These are such things as dreams are made on, the colorful concepts of dying developers, the universes that will never be.
A recent glimpse into the unpublished works of a now-defunct game developer shows us one such universe which includes fabled Star Wars good guy Obi-Wan Kenobi, corrupted and evil.
In the original concept art for the unannounced, but long-rumored-to-exist video game Star Wars Battlefront III, we get a chance to wonder what could have been had Obi-Wan Kenobi fallen to the temptations of the Dark Side.
The images, leaked by a former developer at Free Radical, show a yellow-eyed, hunched form in the tattered remnants of the robe made famous by Alec Guinness. His hands are gnarled and claw-like, his light saber not a heroic blue, but a malignant red.
Traditionally, George Lucas has always approved any change to Star Wars canon, though it's unclear if this rumored idea would have changed canon or created a new one. But it does make this particular tidbit far more interesting than your average leaked game designs. Maybe Lucas is playing around with the idea of flipping his beloved, Wookiee-packed universe on its head.
While UK-based Free Radical certainly isn't the only game developer on the chopping block thanks to a wobbly world-wide economy, the video game industry as a whole seems to be relatively healthy.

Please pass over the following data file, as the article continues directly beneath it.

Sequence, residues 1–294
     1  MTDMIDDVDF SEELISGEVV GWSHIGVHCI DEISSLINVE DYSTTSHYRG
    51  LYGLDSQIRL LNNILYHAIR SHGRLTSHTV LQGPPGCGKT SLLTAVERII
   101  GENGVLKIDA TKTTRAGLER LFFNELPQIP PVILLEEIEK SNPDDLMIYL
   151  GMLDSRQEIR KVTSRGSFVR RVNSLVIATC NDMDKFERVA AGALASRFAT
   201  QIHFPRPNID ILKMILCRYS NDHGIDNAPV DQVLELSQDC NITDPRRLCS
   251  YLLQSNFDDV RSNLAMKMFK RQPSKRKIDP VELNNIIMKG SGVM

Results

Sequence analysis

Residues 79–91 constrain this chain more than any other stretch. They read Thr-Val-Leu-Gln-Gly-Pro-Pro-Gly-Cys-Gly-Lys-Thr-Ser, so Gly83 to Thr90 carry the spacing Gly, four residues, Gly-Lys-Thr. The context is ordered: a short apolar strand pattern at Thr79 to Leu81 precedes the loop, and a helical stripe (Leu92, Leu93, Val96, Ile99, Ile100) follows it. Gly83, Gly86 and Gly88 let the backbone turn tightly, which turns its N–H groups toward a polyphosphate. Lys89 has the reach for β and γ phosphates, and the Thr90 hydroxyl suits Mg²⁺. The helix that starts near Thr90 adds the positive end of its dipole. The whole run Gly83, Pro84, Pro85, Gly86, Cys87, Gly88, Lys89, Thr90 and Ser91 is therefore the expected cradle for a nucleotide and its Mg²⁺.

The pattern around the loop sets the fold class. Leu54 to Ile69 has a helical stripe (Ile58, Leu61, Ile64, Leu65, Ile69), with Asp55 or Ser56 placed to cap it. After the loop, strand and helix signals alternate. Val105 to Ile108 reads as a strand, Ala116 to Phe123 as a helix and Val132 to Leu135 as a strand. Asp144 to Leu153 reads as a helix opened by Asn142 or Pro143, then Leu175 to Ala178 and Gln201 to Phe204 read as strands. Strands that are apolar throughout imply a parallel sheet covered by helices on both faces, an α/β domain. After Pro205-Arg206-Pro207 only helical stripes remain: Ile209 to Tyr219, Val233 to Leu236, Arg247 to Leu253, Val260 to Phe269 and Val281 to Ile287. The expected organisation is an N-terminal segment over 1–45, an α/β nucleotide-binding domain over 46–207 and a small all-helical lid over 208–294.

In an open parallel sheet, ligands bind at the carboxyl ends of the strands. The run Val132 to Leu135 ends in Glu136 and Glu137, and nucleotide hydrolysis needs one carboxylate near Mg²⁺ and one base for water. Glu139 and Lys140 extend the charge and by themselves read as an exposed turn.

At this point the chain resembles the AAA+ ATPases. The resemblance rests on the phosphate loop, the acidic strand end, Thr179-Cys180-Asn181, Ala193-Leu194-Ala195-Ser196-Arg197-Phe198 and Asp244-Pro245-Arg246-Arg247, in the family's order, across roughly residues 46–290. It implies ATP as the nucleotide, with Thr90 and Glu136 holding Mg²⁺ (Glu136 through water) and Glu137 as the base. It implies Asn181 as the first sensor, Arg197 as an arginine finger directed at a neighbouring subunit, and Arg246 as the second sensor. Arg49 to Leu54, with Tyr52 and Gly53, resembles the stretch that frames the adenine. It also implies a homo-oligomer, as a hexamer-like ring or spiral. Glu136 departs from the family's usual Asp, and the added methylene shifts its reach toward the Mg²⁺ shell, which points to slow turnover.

In 2008 the industry raked in an estimated $21.3 billion dollars in the U.S. alone, according to the latest numbers released by the NPD Group this week.
That's more than double the take of the industry back in 2005, when it was barely scratching at $10.5 billion's door. Where did all of that dough come from? According to the numbers, the industry has Nintendo to thank for the lucre.
Selling more than 10 million Wii consoles and nearly 10 million DS, not to mention 132 million games for their systems, in 2008, the Japanese developer is responsible for more than half of all gaming sales last year.
What are they going to do with all of that money? Continue to experiment it looks like.
Word is already starting to shake loose that the DSi, the company's two-camera, one microphone version of the handheld DS, could be hitting U.S. shores as early as April for $180.
More interesting, though, is Nintendo's valiant attempt at pushing the educational side of gaming with their devices.
On Tuesday, the developer announced a partnership with The National Association for Music Education aimed at using Nintendo's Wii and Wii Music in classrooms to teach children about rhythm, tempo and song structure.
"Research shows that more than 82 percent of people who don't currently play a musical instrument wish they did," said Joe Lamond, President & CEO of NAMM, the National Association of Music Merchants. "Wii Music can help address this by providing a positive introduction for millions of people who might not otherwise be inclined to try."
Well Played is a weekly column about the big news of the week in the gaming industry and its bigger impact on things to come. Feel free to join in the discussion.